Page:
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It's Already the Hardest Job in the World.

Then a cancer diagnosis is thrown into the mix and the entire parenting universe changes.

In these pages, you will hear from parents who have been through it, what worked for them and what didn’t, the books, resources, and tips to make it through.

The best advice I received

For me, the best advice I got was from our amazing Nurse Practitioner Renee Recher. After observing me giving in to a whining McKenna during an infusion (to be fair, I gave in because I needed McKenna to be quiet so I could actually HEAR Renee), she looked at me and said:

“I have seen children leave here and end up in jail”

She explained that she has sat with countless parents, grandparents, and caregivers and watched as they completely suspended discipline while their child was on treatment, and was never able to get it back.

We do a lot to make our kids as comfortable as possible while undergoing treatment, rules on screen time, junk food, and even tooth brushing go out the window when your three-year-old is attached to an IV pole in isolation for 11 days (speaking from experience).

But we do our children a great disservice when we eliminate rules completely and permanently for the duration of treatment, we rob them of the last vestige of normal.

"Normal" kids don't go to the clinic

“Normal” kids don’t have to go to the clinic, get countless IV pokes, and lose their hair. They also don’t get wish trips, hordes of sympathetic adults hovering, or constant access to sweets that make those visits bearable. It is a lot to cope with as a kid, the extremes of experiencing pain and patience at too young an age while also becoming a princess or super-hero and receiving constant praise and recognition for something that’s not within their control or necessarily due to their effort.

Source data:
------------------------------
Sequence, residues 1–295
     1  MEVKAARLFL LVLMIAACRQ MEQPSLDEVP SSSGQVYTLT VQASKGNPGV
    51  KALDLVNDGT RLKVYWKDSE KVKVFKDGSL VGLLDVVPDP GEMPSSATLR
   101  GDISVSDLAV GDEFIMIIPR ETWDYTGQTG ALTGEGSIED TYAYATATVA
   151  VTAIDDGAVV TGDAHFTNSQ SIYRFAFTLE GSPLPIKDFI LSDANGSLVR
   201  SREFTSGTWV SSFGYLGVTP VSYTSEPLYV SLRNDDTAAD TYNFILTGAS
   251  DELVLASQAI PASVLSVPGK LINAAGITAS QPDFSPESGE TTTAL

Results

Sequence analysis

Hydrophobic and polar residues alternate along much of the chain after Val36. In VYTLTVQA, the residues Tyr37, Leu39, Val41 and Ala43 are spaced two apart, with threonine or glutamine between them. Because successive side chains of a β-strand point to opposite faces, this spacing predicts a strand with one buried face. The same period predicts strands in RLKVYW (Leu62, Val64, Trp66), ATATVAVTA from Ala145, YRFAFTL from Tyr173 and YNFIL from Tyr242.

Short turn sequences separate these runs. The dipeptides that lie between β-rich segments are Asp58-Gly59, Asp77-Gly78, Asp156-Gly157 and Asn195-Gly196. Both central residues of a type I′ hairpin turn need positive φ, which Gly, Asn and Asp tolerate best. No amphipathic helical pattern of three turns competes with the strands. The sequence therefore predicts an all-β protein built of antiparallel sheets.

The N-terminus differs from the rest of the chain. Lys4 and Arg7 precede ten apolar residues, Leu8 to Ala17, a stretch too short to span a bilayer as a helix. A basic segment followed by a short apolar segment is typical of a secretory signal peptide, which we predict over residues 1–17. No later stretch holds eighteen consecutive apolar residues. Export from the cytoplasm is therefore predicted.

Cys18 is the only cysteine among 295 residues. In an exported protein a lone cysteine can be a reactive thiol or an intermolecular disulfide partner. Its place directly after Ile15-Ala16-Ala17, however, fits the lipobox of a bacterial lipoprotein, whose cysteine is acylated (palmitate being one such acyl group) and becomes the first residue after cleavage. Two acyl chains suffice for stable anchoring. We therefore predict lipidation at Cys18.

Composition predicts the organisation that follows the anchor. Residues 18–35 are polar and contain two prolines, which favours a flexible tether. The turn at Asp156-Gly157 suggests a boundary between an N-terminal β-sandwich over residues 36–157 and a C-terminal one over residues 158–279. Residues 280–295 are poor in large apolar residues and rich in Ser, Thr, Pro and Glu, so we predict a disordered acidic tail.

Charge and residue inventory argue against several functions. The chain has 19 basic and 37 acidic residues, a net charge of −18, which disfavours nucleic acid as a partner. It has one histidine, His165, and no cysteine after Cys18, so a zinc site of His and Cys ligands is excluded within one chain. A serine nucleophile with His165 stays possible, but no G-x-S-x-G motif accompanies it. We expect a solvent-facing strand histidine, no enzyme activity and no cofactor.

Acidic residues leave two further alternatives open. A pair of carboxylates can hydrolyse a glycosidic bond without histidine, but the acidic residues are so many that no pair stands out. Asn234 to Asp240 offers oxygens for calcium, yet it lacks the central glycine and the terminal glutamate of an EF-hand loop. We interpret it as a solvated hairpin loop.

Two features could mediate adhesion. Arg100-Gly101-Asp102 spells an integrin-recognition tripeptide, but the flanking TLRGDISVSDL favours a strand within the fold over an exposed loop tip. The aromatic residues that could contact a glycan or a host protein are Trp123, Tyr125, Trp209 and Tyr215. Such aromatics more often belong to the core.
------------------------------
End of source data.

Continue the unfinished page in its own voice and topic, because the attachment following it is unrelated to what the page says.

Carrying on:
Treating them as normal as possible includes discipline.

It seems heartless to ask you as a caregiver to do one more thing beyond everything you are already doing to keep your child safe and healthy, but if I could offer one more piece of advice on something crucial to your child’s overall wellbeing, its this. Treating them as normally as possible includes discipline. Set boundaries, loosen rules as needed but establish clear lines between what rules get bent only at the clinic and only when inpatient. It is possible to allow for steroid week cravings without totally abandoning the household rules of healthy eating, but there should be rules and the whole family should be aware and able to understand them. Keeping discipline generally uniform will also help with any sibling rivalry or temptation to give into siblings to compensate for the excess attention. Decide what your family thinks is fair, be as flexible as necessary, and you will have a much easier transition back to normal.

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